TN-ITS is concerned with the exchange of information on changes in static road attributes. Static meaning that the attributes are of a more or less permanent nature, even though they may sometimes change such as speed limits. The focus is in general on road attributes based on regulations, but may extend to other road and transport related features.
It is important that digital maps for ITS are highly up to date for attributes that are critical in terms of safety and efficiency. The map providers cannot easily keep their maps up to date for such attributes, while up-to-date maps are a key asset for ITS applications.
The solution is to retrieve the information on changes from the road authorities. As they create the changes, they are the most efficient and immediate source for such information. This requires digital storage and maintenance on the side of road authorities, and some kind of flagging of changes. With governments going more and more digital, systems for such digital storage and maintenance are increasingly available. However, with a multitude of solutions that are different in terms of GIS and data models applied. Therefore a common exchange format is needed, enabling creation of plugins to existing (legacy) systems for extraction of information on changes in road attributes. Immediate updates from authorities to map makers only make sense if the second half of data chain from map makers to end user devices will also be in place. The good news is that substantial progress on incremental updating to the end user is being reported by the map makers.
The following data is available for the users:
Permanent speed limits managed by Hungarian Public Roads. It might be the general speed limit defined by Road Traffic Regulation or lower.
Information on signs placed at roads managed by Hungarian Public Roads.
Permanent access restrictions and other traffic regulations.
Vehicular restrictions and regulations.
Parking information (Location of parking places, service areas and availability information).
Location of public transport stops and interchange points.
The operator of the portal and the TN-ITS service is the Hungarian Public Road Nonprofit PLC.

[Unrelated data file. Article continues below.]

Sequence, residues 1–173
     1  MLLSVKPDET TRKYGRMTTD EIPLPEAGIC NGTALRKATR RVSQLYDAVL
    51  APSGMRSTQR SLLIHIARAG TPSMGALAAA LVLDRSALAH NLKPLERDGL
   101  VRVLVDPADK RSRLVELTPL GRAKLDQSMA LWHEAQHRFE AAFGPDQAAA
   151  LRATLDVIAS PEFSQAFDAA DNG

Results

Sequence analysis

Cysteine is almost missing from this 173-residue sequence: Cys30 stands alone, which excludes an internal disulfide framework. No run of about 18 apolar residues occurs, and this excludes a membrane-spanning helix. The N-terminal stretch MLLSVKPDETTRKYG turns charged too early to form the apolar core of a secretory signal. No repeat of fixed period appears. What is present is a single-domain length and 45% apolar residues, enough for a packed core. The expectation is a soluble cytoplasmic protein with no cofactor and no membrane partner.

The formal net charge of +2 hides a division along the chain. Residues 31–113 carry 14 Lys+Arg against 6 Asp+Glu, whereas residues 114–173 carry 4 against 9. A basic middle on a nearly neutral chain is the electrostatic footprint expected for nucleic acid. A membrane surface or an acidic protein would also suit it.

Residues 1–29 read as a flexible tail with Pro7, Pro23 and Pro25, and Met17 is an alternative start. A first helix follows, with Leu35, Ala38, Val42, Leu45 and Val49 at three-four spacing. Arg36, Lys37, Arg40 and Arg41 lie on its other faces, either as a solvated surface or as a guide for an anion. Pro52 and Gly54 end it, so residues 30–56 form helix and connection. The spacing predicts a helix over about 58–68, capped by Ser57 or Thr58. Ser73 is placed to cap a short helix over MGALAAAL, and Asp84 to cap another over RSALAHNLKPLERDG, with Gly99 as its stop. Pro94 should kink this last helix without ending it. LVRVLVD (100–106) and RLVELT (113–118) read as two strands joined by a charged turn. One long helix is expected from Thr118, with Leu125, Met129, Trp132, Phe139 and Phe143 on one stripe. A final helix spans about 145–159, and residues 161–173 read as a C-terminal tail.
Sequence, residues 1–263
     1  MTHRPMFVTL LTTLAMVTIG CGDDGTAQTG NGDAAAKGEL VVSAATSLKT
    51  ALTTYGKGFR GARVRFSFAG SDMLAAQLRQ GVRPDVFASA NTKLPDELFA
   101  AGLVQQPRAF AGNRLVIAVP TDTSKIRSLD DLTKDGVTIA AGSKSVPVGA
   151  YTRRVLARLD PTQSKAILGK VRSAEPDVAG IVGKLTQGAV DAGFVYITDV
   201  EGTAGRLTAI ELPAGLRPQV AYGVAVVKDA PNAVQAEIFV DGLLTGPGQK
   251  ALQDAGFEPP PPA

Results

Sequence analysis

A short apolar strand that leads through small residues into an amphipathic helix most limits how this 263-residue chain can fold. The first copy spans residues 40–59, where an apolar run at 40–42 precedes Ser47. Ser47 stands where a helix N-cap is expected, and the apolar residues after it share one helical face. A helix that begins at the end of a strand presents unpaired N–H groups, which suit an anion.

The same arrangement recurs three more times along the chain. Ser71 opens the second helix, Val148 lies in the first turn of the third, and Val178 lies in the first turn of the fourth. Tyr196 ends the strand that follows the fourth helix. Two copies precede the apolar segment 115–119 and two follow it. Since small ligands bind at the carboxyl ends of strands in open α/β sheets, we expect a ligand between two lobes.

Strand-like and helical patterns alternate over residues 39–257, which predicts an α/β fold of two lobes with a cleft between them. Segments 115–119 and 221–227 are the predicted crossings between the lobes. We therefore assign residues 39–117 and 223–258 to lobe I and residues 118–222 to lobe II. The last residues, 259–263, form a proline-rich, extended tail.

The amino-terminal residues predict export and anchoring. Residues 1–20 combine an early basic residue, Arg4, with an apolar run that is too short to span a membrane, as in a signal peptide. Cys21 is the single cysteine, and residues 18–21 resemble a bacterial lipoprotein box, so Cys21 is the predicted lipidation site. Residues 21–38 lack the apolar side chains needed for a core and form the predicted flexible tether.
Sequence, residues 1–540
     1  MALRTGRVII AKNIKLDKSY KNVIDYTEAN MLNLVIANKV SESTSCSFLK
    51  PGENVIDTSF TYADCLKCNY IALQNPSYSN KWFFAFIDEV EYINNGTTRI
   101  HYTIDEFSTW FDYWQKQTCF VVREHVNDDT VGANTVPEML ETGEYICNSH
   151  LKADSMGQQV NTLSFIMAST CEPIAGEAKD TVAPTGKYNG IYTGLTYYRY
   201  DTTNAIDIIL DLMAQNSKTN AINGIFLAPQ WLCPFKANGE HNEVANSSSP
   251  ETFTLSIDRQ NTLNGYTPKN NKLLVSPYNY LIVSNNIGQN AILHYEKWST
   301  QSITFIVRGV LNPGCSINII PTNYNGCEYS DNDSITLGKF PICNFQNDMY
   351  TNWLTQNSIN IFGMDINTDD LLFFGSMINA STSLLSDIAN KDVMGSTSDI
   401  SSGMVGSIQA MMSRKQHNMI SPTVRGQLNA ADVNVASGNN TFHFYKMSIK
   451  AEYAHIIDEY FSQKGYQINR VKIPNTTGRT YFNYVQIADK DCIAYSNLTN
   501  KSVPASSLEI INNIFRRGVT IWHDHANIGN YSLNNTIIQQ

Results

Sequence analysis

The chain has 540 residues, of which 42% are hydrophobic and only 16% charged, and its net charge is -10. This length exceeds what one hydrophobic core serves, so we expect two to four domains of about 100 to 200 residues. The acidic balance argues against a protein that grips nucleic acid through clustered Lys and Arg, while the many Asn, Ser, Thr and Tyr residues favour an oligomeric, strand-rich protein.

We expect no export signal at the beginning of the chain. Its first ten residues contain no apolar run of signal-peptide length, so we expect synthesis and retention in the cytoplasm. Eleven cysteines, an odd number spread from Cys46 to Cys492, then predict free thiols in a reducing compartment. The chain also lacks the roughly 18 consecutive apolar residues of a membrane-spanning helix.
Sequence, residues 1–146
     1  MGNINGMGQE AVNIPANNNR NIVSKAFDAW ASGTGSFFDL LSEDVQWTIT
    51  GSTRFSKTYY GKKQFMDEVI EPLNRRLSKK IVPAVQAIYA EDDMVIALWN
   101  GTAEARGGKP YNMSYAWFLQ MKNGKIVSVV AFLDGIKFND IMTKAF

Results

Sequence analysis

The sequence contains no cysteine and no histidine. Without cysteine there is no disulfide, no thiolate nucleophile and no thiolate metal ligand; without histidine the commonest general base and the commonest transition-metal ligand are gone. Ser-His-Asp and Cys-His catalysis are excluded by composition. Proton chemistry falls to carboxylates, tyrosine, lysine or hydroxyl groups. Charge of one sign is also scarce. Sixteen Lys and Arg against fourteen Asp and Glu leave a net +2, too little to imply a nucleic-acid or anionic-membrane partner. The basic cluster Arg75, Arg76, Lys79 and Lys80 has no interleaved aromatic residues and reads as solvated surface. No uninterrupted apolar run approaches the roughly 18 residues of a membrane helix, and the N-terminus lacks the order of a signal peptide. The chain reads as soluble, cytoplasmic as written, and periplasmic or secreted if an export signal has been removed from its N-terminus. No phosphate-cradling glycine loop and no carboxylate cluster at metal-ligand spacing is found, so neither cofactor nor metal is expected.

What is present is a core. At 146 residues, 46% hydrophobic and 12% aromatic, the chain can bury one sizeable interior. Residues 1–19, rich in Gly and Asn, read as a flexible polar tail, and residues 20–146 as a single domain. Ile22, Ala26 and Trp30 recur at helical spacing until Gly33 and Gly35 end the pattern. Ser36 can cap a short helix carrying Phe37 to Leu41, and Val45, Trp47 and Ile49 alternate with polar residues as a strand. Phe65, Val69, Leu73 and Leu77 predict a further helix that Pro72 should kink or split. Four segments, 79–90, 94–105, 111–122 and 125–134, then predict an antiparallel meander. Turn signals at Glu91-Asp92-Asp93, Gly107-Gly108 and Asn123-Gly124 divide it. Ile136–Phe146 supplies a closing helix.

The company was established on the 1st of October of 2005. With regard to its 5300 employees and economic indicators, the Hungarian Public Road Nonprofit PLC stays within the first ten state-owned enterprises in Hungary. Road operations are carried out in 19 counties, at 93 engineering sites, managed by the headquarters in Budapest.
The activities of the Hungarian Public Road Nonprofit PLC consist of the operation, as well as the routine and the preventive maintenance of the national public road network, including expressways and motorways. In addition to that, our Company is responsible for the issuance of rout permits for oversized vehicles, the control of trucks at weight control stations, the provision of trainings for professionals within the entire road sector and the operation of the Road User Information Services, the National Road Databank and the Road Museum in the municipality of Kiskőrös.
Besides preforming its duties under contract, the Hungarian Public Road Nonprofit PLC is also committed to social responsibility, the education of the new generations of road users for environmentally responsible behavior, as well as to the improvement of traffic ethics and safety.
The data providers of TN-ITS database are going to be the followings:
The database will store only the data of Hungarian Public Road until the end of the pilot phase.
The TN-ITS web service publishes a REST-based interface according to the "ITS spatial data - Data exchange on changes in road attributes" specification for downloading data.
In case of any further technical questions, contact Levente Zubriczky.
The purpose of the document set is to give an overview of the steps necessary to implement a TN-ITS compliant data exchange and to provide reading instructions of the TN-ITS documentation relevant to receiving changes from the service and their transformation to the receiver's data store.
The role of the data sender is normally held by an enacting authority (i.e. the entity responsible for supervising the establishment of laws and regulations for transport and traffic), whereas the role of the data receiver can be held by any party using road data in applications (e.g. providing maps and data sets for use in ADAS and ITS applications).